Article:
Conservation Law Foundation, Inc. v. Shea Concrete Products Inc
District Judge Leo T. Sorokin: ORDER entered. 19 Plaintiff's Motion for Contempt is DENIED. (Montes, Mariliz)
UNITED STATES DISTRICT COURT
DISTRICT OF MASSACHUSETTS
SHEA CONCRETE PRODUCTS, INC.,
Civil No. 15-13879-LTS
ORDER ON MOTION FOR CONTEMPT (DOC. NO. 19)
January 13, 2017
The parties executed a consent decree entered by the court on April 29, 2016, providing
for payment by Defendant to Plaintiff of $30,000 thirty days after entry of the Order and
payment by Defendant to a different organization of $20,000 sixty days after entry of the Order.
Doc. No. 17. Defense counsel sent prompt notice of the Court’s April 29, 2016 decision entering
the decree to two officials of the Defendant. However, the email address for one official was
wrong and the other official was recovering from cancer and working only part-time. Doc. No.
19-5. The deadline for both payments by Defendant came and went without payment, notice of
the same by defense counsel, or any complaint by Plaintiff. On July 11, 2016, for the first time,
Plaintiff complained to defense counsel that Defendant had failed to make either of the required
payments. Doc No. 20-3. Nothing suggests Defendants appreciated their failure before this
complaint. On July 13, 2016, Defendant mailed both payments and apologized for the error.
Doc. No. 20-4.
Civil contempt sanctions serve two purposes: compensation for past noncompliance or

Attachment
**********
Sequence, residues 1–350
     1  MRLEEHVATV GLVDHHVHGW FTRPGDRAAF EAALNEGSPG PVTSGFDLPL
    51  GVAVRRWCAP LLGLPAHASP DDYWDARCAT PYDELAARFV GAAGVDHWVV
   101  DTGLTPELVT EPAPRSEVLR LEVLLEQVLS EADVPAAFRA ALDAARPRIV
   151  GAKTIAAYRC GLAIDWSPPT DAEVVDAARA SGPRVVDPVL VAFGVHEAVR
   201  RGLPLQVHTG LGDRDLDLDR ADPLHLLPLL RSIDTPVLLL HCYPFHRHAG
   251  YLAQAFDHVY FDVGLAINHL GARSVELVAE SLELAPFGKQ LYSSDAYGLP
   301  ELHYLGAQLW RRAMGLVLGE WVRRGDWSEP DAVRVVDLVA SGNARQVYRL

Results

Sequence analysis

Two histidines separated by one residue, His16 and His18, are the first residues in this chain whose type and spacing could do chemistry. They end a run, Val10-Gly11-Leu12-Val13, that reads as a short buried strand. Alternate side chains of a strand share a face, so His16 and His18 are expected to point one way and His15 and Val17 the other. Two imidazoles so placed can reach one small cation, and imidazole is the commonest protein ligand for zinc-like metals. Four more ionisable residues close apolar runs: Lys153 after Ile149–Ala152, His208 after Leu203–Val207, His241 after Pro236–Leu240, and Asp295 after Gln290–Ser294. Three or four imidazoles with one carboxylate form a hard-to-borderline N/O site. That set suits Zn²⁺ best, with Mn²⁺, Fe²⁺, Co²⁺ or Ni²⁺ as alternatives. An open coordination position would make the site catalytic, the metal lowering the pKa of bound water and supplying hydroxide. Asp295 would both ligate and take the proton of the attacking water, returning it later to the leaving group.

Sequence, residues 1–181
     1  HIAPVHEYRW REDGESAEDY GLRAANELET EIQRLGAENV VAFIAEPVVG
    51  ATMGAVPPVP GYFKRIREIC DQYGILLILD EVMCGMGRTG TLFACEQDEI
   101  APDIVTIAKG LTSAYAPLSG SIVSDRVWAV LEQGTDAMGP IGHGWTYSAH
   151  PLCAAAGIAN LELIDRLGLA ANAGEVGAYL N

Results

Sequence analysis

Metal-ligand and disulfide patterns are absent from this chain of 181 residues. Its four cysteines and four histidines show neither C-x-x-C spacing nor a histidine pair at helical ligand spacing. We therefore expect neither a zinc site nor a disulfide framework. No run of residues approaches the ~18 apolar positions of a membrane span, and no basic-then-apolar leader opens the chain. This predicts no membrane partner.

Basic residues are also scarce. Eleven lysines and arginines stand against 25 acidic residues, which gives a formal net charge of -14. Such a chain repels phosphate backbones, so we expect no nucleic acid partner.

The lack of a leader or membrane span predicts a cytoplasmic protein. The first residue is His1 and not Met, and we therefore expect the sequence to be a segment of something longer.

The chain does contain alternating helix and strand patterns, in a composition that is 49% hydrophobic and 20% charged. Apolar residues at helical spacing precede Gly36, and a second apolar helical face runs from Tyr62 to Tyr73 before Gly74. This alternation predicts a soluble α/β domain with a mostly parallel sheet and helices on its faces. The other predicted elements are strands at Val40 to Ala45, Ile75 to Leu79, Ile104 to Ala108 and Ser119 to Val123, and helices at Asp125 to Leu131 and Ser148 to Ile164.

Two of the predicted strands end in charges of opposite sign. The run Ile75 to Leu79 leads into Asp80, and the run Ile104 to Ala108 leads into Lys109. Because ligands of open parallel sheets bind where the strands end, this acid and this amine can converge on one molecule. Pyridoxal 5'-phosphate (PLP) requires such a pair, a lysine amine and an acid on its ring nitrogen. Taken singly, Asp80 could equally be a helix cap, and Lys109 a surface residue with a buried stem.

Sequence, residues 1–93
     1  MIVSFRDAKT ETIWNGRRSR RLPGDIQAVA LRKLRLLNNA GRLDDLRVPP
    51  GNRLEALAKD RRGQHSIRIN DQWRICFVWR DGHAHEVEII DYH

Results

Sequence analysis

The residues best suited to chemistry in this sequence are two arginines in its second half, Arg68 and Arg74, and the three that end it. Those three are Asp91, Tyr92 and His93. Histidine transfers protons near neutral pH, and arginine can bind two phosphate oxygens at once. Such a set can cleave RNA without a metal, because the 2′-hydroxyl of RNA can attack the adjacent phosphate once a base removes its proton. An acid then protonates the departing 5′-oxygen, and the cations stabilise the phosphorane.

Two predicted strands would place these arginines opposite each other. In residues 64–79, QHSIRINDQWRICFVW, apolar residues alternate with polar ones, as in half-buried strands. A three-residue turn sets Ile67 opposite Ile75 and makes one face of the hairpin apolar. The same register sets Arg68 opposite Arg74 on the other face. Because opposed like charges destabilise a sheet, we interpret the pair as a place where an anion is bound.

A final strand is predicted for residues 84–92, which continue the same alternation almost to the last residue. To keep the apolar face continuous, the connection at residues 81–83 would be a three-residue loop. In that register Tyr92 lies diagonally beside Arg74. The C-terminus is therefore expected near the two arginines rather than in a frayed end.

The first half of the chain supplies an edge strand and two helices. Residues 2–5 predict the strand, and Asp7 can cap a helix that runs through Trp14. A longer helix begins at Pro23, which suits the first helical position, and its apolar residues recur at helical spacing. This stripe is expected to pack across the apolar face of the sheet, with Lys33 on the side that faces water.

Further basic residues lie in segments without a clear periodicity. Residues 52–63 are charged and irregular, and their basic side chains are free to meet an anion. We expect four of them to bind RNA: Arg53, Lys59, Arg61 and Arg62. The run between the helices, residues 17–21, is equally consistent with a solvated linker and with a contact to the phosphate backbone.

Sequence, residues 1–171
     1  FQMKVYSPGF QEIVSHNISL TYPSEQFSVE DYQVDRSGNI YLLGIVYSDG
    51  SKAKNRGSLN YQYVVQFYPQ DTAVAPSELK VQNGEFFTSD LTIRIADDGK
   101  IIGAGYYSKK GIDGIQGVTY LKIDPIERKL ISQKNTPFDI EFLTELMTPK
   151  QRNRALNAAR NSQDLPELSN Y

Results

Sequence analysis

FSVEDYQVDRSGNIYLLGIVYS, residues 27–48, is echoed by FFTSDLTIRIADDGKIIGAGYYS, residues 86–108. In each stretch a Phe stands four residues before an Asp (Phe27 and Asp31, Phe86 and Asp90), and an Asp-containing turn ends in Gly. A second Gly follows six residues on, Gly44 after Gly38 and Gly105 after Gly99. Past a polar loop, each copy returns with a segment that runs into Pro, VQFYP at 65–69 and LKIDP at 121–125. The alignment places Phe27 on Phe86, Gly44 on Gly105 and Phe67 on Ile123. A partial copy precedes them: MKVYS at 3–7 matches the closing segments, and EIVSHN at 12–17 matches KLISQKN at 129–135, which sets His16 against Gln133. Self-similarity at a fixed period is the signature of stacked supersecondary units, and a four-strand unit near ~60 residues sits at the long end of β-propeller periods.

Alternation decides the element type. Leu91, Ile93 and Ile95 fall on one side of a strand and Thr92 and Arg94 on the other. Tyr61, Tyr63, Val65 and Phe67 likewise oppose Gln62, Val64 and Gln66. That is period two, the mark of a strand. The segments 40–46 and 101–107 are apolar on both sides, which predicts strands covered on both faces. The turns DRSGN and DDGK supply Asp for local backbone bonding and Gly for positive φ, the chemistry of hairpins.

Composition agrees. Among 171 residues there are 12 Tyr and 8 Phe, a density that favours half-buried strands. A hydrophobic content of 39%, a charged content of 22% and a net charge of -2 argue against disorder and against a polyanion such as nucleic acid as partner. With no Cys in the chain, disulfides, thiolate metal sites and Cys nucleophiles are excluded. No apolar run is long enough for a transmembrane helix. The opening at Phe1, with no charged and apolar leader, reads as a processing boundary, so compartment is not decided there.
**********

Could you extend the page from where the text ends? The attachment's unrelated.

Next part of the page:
coercion of future compliance. G & C Merriam Co. v. Webster Dictionary Co., Inc., 639 F.2d 29,
41 (1st Cir. 1980). The sanction here is unquestionably intended to be coercive not
compensatory. In the case of coercive sanctions, the Court “has wide discretion.” Id. While the
Court understands that the absence of willfulness in the violation of the order does not relieve the
Defendant from civil contempt, see Bear Republic Brewing Co. v. Century City Brewing Co.,
887 F. Supp. 2d 331, 333 n.1 (D. Mass. 2012) (quoting McComb v. Jacksonville Paper Co., 336
U.S. 187, 191 (1949)), in this case the Court finds the innocent violation to weigh heavily against
the large sanctions Plaintiff requests here.
Plaintiff’s request for a $500 per day penalty as set forth in paragraph 20 of the Consent
Decree is rejected and Plaintiff’s Motion for Contempt, Doc No. 19, is DENIED.
/s/ Leo T. Sorokin
Leo T. Sorokin
United States District Judge
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